Archives for posts with tag: cph pix

Afterimages has played at the 2011 edition of CPH PIX in Copenhagen.

This page for the film at the festival can be seen here.

The Festival Guidebook reviews the film as follows:

Everyone talks about the digital revolution, but only few people do anything about it and make films for fun. English filmmaker William Brown visited CPH PIX last year with his charming Godard hommage ‘En attendant Godard’. This year, he returns with his brand-new film ‘Afterimages’, and again we can expect a simple and likeable film, shot on video with absolutely no money – but with the same energy and desire to make films that drove his French role models in the 1960s. Dennis, an émigré from Guatemala, who makes a living as a baker in the middle of nowhere in Scotland finds a mobile phone on the street. The telephone contains nothing but a video of a girl being raped by three hooligans in a forest. After seeing the clip without knowing what was happens after, he can’t forget it again. ‘Afterimages’ of the video have burnt themselves into his mind and so the good-hearted Dennis sets out to find the girl and the three hooligans. If you have a penchant for the particular British kind of solidarity for the man on the street (and for French digressions), then ‘Afterimages’ is good company.

En Attendant Godard played twice at CPH PIX 2010, including a screening at the prestigious Cinemateket.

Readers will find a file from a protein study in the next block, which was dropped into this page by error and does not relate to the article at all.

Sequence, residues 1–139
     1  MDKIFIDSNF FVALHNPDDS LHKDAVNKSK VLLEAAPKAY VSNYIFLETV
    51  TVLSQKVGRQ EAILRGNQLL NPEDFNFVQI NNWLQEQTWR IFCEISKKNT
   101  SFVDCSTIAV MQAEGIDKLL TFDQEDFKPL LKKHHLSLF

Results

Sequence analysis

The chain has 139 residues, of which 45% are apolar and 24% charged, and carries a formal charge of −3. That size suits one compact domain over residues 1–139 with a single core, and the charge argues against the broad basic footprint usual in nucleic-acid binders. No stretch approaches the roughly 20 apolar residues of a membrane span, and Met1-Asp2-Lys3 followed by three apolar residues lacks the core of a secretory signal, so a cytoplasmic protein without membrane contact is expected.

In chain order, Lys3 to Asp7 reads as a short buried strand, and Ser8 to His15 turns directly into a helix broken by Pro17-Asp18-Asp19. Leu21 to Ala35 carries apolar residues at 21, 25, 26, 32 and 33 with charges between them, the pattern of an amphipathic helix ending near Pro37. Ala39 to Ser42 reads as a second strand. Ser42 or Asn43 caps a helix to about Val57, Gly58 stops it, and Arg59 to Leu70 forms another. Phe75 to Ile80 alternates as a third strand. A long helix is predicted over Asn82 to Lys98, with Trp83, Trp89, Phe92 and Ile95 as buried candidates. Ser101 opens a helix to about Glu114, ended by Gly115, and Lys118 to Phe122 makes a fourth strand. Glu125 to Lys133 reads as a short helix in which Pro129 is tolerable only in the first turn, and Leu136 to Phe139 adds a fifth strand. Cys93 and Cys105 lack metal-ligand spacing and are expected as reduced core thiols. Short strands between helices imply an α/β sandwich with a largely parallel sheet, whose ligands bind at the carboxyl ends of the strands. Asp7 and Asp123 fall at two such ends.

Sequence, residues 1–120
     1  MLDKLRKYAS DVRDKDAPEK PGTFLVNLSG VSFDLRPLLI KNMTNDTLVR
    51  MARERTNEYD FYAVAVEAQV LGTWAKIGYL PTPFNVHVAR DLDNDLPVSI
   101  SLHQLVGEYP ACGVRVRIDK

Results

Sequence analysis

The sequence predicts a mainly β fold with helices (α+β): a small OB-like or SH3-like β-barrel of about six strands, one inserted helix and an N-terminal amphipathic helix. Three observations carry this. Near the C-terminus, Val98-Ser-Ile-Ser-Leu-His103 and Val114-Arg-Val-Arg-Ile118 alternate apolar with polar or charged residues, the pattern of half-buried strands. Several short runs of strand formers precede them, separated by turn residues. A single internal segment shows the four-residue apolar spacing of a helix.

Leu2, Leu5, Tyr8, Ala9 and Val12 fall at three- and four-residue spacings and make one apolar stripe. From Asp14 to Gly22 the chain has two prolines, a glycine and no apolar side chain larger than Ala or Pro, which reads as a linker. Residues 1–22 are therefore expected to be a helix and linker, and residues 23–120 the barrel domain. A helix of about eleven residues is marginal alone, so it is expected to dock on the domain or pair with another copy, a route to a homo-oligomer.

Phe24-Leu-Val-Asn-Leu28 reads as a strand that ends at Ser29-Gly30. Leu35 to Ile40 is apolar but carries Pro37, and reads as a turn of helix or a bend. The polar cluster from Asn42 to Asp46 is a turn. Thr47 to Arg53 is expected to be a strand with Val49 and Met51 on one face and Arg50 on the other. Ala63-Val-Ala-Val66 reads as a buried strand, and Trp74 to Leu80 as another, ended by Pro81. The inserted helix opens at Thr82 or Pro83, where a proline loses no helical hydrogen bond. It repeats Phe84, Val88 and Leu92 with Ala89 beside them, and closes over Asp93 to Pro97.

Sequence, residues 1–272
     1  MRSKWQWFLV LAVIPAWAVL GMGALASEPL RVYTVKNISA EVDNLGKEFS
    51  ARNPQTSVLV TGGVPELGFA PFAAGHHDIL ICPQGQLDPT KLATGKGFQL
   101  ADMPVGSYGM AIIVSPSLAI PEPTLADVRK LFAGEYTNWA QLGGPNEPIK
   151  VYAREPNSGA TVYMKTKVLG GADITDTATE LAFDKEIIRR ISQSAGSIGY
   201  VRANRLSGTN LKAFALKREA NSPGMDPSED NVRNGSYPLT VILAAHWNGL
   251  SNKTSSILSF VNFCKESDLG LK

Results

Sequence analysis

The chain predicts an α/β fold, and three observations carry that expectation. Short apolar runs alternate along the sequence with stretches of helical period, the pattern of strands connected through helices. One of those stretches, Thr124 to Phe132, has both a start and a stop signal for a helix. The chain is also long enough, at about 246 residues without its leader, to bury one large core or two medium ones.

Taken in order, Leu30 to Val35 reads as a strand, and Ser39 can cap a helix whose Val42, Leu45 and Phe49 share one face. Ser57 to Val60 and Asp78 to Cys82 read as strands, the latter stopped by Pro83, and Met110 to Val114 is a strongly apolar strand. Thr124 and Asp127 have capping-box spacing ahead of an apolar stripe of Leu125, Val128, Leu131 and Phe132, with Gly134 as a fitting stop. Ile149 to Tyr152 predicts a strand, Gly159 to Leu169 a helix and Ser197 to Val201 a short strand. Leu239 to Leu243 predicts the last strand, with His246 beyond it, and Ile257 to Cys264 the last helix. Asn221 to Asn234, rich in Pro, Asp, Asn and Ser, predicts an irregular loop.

The film was well received.

Here is an interview with William Brown, actors Tom Maine and Hannah Croft, and cinematographer Tom Maine (being uncharacteristically quiet) at the Cinemateket screening:

And here is what the Festival Guidebook said about the film:

One has to pay close attention if one hopes to capture the many references to the new wave icon Jean-Luc Godard in William Brown’s humorous tribute to the French film director, who already in 1967 declared that film was dead – and who has since continued undauntedly to revolutionize its formal language from the margins. And even if some knowledge about the French director would not be a disadvantage, it is far from obligatory. Like a tour de force through the French director’s collected works, Brown has created a story, which is as hard-boiled as it is unrestrained, about the loners Alex and Annie, who set out to find Godard, and suddenly have a double homicide and a ménage à trois on their conscience. En attendant Godard is a funny tribute to one of the biggest geniuses of film history, and it also shows how one can make use film as film criticism – without in any way needing to be hyper-intellectual. ‘All you need is a girl and a gun’, Godard famously said about making films. With his impressive zero budget debut William Brown both pays tribute to and corrects his master – and subtly underlines what we perhaps already knew from the beginning, that all we really need is a girl and Godard.